Music: Sasha Frere-Jones on Kate Bush. Personally, am terribly afraid I am beginning to like Kate Bush. I can still recognize that she is the inexhaustible fount of that same twee, ethereal bullshit of which Tori Amos is a lesser practitioner, and which I mostly loathe; still find I get Running Up That Hill stuck in my head after listening to it once a couple weeks ago during an idle perusal of an A.V. Club gateway. Review half-convinced me to give her new album a try; fear result.

Movies: David Denby on the Hangover Part II, Submarine. Read an interview with the director that actually made me want to watch Submarine; this review did not.

Cliff notes:

Christ, this was a bummer of an issue. Hard to recommend something when I didn’t read half the stuff for fear it’d depress me, and of the stuff I did read half succeeded in that mission.

Worth Anyone’s Time: Menard, I guess. The Nuge piece in Talk of the Town. Berlusconi.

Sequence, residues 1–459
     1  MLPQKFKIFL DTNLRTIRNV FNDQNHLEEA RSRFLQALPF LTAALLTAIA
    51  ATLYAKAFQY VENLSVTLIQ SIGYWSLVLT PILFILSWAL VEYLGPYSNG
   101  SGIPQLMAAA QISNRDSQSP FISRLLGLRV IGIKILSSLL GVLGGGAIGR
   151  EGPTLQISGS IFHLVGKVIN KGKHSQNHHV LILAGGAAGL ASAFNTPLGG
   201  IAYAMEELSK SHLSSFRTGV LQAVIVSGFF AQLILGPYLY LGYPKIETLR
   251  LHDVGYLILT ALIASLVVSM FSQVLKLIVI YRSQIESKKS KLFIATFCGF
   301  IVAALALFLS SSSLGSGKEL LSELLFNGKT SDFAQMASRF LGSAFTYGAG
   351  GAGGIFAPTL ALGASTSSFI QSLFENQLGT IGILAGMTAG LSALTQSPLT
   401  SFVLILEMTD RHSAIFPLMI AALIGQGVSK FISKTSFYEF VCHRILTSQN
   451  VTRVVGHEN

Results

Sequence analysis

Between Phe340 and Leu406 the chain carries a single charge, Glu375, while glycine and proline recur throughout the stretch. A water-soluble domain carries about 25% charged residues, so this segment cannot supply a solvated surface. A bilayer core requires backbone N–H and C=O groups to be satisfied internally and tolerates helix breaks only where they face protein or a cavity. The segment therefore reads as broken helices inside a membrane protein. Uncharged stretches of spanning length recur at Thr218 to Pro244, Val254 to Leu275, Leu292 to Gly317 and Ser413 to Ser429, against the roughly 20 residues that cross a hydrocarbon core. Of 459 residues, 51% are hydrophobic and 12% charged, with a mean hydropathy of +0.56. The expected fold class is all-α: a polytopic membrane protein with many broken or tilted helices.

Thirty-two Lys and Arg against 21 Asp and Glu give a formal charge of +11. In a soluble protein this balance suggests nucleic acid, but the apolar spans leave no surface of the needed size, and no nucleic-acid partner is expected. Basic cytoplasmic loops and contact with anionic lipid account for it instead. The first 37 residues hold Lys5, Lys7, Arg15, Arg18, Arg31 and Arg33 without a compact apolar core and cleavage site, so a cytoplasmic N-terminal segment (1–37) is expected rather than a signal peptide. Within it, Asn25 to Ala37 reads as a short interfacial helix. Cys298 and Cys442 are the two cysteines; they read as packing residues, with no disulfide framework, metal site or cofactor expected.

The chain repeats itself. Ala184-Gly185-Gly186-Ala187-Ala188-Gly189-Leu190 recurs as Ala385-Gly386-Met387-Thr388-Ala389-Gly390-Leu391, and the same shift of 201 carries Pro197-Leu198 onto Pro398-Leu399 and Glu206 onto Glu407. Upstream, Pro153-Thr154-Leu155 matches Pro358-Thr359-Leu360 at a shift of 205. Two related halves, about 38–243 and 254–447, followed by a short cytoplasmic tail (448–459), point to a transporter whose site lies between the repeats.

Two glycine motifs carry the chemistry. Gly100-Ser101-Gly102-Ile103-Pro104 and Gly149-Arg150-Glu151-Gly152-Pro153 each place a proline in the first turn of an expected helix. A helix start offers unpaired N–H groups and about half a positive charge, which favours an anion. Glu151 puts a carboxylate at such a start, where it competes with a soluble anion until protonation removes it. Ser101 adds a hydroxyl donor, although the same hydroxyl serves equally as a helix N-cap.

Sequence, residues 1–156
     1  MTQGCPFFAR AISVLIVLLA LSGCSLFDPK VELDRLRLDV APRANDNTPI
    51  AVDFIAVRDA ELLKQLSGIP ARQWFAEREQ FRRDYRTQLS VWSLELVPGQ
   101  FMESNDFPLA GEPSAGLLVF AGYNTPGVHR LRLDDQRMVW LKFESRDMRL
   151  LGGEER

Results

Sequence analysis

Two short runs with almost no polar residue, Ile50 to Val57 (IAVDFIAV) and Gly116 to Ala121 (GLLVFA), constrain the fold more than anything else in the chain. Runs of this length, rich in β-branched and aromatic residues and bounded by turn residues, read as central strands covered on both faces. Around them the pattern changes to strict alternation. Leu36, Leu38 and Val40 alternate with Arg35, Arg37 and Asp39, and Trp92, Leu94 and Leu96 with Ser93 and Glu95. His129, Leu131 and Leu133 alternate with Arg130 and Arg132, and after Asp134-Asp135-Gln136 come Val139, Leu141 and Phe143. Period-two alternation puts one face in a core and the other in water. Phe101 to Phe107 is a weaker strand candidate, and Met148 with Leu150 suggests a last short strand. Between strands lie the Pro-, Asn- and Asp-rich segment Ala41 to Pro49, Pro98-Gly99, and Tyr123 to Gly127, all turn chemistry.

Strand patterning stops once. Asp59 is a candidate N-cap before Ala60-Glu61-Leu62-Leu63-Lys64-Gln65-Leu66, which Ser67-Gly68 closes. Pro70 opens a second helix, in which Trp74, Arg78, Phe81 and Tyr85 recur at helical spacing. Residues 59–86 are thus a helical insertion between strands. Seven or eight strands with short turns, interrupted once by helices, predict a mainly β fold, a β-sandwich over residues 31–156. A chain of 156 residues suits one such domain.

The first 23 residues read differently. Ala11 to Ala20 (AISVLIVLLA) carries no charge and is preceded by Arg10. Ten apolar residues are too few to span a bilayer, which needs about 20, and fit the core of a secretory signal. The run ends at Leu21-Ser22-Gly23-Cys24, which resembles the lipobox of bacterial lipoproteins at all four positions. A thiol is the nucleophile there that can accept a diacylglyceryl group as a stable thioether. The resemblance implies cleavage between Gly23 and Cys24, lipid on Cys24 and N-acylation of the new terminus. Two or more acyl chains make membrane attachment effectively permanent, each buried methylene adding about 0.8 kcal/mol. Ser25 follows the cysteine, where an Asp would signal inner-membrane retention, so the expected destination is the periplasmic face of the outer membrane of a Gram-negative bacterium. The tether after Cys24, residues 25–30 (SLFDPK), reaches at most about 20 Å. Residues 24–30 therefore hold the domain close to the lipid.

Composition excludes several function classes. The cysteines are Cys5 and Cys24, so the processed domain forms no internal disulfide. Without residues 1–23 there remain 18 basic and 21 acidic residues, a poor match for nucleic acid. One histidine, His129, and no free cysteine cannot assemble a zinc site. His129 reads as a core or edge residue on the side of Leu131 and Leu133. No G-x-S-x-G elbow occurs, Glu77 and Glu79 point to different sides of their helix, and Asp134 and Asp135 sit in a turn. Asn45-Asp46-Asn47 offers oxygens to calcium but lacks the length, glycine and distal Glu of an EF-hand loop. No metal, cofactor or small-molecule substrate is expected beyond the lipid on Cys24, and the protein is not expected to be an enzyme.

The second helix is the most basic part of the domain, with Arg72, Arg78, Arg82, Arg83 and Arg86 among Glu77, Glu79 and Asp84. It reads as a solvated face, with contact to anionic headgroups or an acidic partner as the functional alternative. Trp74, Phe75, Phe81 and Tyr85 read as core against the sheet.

If You Like That Sort of Thing: Everything else?

Housekeeping Note

In Uncategorized on June 9, 2011 at 4:18 am

So, my intention was to update this weekly within a day or two of reading the mag, and lo, the second week, the mag came late because of the holiday and a work emergency kept me from reading it until now. This weeks’ arrived today and so I am already behind. The gods of the New Yorker, as one would expect, have a wry sense of humor. My policy, in the face of my demonstrated fallibility, will be to post once I’ve given the thing a once-over and update as/when I read the stuff I skipped the first time around.

Week of May 30, 2011

In Uncategorized on May 27, 2011 at 2:39 am

Table of Contents

Talk of the Town:

Comment: On the Syrian Spring. Ends up talking about Israel-Palestine; not very interesting.